An investigational combination drug that targets all major genotypes of hepatitis C had a high success rate in a clinical trial of patients with severe chronic kidney disease, curing 98% of those who received 12 weeks of treatment.
AbbVie announced that its investigational combination drug that targets all major genotypes of hepatitis C had a high success rate in a clinical trial of patients with severe chronic kidney disease, curing 98% of those who received 12 weeks of treatment.
The company released results of its phase 3 clinical trial (EXPEDITION-4) at a meeting of the American Association for the Study of Liver Diseases in Boston. The study evaluated a 12-week treatment of an investigational regimen of glecaprevir and pibrentasvir, a ribavirin-free coformulation under development for treatment of patients with chronic hepatitis C infection across genotypes 1 through 6, according to an AbbVie release.
There are six major strains or genotypes of the hepatitis C virus and some drug makers aim to develop one drug regimen that can treat all of them. Genotype 1 is the most common type in the United States, according to the Centers for Disease Control and Prevention.
“With our investigational, pan-genotypic regimen, our goal is to provide a safe and effective cure to patients across genotypes, including patients with severe chronic kidney disease, regardless of previous treatment status or presence of compensated cirrhosis,” Michael Severino, MD, AbbVie’s executive vice president of research and development and chief scientific officer stated in a news release that accompanied publication of the trial results. “Our clinical development program reflects our ongoing commitment to addressing treatment areas of continued unmet need.”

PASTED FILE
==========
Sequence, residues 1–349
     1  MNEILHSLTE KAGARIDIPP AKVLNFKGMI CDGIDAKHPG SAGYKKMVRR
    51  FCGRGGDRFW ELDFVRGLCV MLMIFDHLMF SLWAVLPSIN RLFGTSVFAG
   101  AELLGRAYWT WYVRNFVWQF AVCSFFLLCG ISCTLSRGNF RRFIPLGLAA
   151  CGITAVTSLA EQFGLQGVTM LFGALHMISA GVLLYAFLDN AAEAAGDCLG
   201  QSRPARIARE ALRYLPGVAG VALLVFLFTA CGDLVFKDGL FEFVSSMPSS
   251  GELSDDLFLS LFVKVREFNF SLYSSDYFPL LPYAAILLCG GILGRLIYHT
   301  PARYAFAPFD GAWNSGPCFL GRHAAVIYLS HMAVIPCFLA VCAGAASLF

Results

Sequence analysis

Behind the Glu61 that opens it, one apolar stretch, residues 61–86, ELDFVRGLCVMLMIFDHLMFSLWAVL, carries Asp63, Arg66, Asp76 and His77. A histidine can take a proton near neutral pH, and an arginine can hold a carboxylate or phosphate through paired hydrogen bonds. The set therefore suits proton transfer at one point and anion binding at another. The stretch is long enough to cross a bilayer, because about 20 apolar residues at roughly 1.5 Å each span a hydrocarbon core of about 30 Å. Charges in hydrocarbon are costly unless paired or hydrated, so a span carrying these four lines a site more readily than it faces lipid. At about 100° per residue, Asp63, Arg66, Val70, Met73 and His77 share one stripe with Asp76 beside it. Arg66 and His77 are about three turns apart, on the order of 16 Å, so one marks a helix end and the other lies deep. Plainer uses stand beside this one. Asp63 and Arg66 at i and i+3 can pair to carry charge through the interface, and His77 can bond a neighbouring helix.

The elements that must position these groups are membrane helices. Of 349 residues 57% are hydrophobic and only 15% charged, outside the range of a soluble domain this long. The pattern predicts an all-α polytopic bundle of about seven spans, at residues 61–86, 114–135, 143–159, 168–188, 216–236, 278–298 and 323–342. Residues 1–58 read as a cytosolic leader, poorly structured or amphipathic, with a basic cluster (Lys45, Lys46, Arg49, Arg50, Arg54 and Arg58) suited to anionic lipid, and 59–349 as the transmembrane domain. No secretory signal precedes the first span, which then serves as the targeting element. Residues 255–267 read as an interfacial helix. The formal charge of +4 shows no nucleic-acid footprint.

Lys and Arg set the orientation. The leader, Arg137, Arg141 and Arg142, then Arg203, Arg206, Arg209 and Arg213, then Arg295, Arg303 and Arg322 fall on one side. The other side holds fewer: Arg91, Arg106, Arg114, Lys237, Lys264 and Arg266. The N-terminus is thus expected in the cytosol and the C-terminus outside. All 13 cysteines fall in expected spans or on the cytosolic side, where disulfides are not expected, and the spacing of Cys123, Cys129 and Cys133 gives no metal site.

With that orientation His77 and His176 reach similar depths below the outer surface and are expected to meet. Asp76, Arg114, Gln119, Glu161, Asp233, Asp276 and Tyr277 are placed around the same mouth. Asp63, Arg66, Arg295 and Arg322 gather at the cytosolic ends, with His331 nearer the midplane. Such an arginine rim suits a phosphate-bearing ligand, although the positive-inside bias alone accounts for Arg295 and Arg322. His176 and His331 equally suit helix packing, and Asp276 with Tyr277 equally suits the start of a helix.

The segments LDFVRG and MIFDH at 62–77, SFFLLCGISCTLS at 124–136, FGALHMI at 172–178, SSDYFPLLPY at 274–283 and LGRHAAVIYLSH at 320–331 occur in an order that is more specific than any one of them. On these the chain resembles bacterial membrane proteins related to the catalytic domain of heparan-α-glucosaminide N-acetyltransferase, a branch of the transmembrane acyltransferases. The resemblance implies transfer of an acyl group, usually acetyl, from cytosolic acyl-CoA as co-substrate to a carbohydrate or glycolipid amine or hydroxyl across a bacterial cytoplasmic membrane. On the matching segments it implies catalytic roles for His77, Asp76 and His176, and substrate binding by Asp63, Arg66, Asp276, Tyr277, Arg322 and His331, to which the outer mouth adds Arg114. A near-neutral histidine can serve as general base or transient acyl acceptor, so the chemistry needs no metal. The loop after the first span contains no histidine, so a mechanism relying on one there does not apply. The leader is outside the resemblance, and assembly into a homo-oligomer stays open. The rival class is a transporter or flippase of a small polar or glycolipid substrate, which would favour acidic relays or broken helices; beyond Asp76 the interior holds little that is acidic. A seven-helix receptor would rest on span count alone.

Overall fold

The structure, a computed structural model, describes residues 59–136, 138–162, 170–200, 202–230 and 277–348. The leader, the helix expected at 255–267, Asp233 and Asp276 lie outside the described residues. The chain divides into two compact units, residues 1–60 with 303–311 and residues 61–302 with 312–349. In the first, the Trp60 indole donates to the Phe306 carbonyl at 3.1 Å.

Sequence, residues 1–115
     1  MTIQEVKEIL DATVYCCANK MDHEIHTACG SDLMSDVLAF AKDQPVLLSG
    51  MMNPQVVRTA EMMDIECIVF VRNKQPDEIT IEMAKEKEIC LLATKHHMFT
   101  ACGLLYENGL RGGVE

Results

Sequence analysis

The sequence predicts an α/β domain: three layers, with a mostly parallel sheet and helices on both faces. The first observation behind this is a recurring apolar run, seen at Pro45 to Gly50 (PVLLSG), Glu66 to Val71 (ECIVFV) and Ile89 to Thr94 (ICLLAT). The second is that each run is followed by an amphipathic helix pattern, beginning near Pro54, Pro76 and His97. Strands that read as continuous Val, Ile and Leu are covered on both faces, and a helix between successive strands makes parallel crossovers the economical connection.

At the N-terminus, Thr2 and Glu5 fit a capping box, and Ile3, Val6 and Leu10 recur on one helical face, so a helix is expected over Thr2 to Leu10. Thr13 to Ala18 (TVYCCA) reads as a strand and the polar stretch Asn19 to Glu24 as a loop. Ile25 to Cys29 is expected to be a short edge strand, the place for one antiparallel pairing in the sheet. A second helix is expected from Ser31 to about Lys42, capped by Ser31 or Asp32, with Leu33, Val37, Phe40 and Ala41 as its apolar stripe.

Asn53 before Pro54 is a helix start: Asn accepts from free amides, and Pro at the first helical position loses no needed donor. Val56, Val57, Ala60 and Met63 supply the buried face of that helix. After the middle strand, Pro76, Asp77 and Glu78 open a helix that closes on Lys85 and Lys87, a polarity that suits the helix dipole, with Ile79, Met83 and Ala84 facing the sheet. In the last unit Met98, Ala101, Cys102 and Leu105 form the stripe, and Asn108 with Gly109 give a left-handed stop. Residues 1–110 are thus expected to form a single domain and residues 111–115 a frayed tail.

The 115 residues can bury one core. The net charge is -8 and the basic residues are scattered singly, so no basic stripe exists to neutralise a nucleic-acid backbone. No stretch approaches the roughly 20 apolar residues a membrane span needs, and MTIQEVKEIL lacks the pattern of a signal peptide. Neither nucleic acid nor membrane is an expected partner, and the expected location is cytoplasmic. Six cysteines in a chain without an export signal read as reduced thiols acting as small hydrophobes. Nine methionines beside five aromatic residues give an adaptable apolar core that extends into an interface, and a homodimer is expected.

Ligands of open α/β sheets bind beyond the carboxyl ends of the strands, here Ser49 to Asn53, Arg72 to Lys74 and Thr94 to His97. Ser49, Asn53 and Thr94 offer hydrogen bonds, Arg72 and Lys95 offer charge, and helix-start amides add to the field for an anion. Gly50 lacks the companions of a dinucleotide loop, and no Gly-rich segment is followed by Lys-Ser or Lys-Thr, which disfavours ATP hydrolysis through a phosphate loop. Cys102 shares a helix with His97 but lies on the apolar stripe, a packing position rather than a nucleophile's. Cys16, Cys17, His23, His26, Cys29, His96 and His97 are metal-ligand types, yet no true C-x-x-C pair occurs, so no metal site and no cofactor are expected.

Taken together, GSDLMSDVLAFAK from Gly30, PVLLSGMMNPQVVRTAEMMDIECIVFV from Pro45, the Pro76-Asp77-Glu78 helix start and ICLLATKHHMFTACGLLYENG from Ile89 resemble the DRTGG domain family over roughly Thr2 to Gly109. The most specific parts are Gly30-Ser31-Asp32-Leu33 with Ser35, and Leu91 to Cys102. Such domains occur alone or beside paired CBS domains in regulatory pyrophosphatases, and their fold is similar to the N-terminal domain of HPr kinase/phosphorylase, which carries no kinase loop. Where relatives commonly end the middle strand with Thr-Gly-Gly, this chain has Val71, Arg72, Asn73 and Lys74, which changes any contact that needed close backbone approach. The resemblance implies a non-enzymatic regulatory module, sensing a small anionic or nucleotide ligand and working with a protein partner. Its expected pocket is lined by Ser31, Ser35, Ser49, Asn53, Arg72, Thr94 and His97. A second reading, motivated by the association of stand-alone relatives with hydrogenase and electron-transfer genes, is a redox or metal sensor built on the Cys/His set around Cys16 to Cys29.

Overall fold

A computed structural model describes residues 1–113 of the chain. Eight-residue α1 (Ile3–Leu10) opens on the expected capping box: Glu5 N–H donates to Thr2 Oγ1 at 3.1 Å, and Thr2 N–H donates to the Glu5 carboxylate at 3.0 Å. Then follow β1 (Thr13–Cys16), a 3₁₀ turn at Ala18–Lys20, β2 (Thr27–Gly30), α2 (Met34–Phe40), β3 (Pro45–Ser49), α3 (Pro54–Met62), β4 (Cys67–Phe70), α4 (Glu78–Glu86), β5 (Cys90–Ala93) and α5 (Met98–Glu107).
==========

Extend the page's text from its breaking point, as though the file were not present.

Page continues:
Chronic infection of the hepatitis C virus can seriously damage the liver over time. New hepatitis C drugs with better and faster cure rates have hit the market in the past few years, however challenges remain for difficult to treat patients such as those who have both severe chronic kidney disease and chronic infection of the virus, notes the release.
All patients in the single-arm open-label AbbVie study had severe chronic kidney disease, including 85 who were on dialysis at enrollment and 20 who had compensated cirrhosis. Some of the patients had previous unsuccessful treatment for hepatitis C with variations of sofosbuvir with ribavirin and or interferon, according to the release.
Among the 104 patients in the intent-to-treat analysis who were given the AbbVie investigational drug, there were 102 or 98% who had a sustained virologic response (SVR) 12 weeks after they completed treatment, an indication that the virus is no longer detectable in the blood. The most common side effects included pruritus, fatigue and nausea, the release states.
One patient achieved SVR at four weeks after treatment but died from a serious adverse event of intracerebral hemorrhage, which was considered not related to the investigational drug, the release states. Serious adverse events - none of which investigators considered to be study drug related - were reported in 24% of patients in this arm of the study, and four patients experienced an adverse event that led to their discontinuation of treatment with the study drug.